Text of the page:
The USPS makes a lot more on packages and express mail than they do on letters. While 60-cents per letter seems like a lot - we should all be happy that we can still send something for 60-cents. It's not like there is any other way that would happen. FedEx and UPS and even Amazon would never be able to get into the letter delivery business.

Sunday, September 25, 2022

Bonus post - scroll down for today's post

 Ruth has a question on today's envelope about the non-conforming stamp placement. I hastily responded by adding to the blog - and said I would research the issue of reusing uncanceled stamps. It was a very easy search and we will delve into this topic a little more - at a later date.

I just wanted to insert this info here - instead of adding it to the previous post. I'll be reviewing all the other *posters* and posting updates:

Poster 5 - Warning - Reusing Postage 
July 2005



Once a postage stamp has been used, it is a federal crime to:

1. Remove, attempt to remove, or assist to remove cancellation marks from postage.
2. Reuse a stamp whether cancelled or not.

If you have questions concerning the reuse of postage, please contact your local Postal Inspector.

Title 18, U.S. Code, Sections 471 and 1720

Poster 5 July 2005
PSN 7690-03-000-9182

Leslie left a comment (below) - wondering about re-using an uncanceled stamp as part of the design and also adding a new stamp. I think the safe thing to do would be to draw a line across the reused stamp. Hopefully, I can have a meeting with a postal inspector and get some answers. I'd leave this in a reply to the comment - but, I am still trying to figure out why I can't make comments on Blogger.

Who sent this one? Debbie?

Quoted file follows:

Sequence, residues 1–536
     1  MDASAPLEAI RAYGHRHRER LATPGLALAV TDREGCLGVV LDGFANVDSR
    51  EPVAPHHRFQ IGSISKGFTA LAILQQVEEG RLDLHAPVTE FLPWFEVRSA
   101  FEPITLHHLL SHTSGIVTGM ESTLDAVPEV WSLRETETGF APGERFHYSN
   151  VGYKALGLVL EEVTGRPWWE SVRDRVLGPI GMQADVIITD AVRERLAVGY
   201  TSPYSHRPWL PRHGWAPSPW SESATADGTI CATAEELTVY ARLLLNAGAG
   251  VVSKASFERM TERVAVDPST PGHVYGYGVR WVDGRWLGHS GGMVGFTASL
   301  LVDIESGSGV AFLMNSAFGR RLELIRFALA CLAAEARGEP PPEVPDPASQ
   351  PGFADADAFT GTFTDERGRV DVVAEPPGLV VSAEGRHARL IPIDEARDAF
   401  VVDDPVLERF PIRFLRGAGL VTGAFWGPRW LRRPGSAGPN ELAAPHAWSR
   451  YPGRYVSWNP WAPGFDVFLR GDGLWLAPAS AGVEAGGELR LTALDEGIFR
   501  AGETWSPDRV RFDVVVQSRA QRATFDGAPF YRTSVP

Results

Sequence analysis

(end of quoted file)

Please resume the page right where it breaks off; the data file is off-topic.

I can't figure out where this envelope is - and I can't remember who sent it. There is nobody with a Carol Stream, IL address - and the only one who is even close is Debbie. Maybe Debbie will drop me an email and let me know if it's from her. It's a really nice design - arts & crafts - and it looks really nice with that stamp. I would not have thought of that combination.

It's a great way to use the broad edge markers. Once again - keeping the stamp away from the corner gave the post office a chance to add to the design. The words above the stamp are nicely centered over the stamp. I even like the way the bar code is hidden by the design. Although, I wonder if that's a problem for the machines.

I wonder if that barcode is always exactly the same distance from the bottom edge. If it is, it would be fun to create a border that incorporated the barcode. Caterpillars come to mind.

One more thing that I really like about this one is the relaxed feel. There is a little bleeding. The spaces between the marks vary. It is not overly regimented, but it is still geometric. Balanced. That's what I like. Organized enough to feel composed, but relaxed enough to feel like it was fun to do.

There is a question from Ruth (about placement of the stamp) - and I can't figure out how to leave a comment - so will answer here. The USPS requests that the stamps be put in the upper right corner. That is the most efficient way to get the mail through the system. When the stamp is not in that corner, it may delay the process - but unconventional placement of the stamp does not fall into the category of *undeliverable.* 

If you ask postal workers what they think of rogue placement of stamps - you will get a variety of answers. Some are sticklers for the rules and bark at the customers. Others love the idea of mail art and appreciate the extra revenue it generates.

If people peel off uncanceled stamps and try to reuse them, that is probably prohibited. I will do some research and find out what they do to people who try to reuse stamps.

Saturday, September 24, 2022

From Leslie in July - Skateboard video

I love notebook paper - and so does Leslie. She's a big fan of neon colors - as am I. There will be another one in a different color or maybe it already ran. That stamp is perfect.

Every time I think I am done with the skateboarding topic - something else pops up. This is a very clever video that has a technique for showing how many times these people will fling themselves through the air to  learn their tricks. Danny Gregory posted it on his weekly letter - so maybe you have already seen it. If not - I think it is a lovely illustration of how persistent one must be to *learn a trick.* Or maybe you just want to make a pretty capital D. It's all the same. Although, there are fewer bruises and broken bones in penmanship.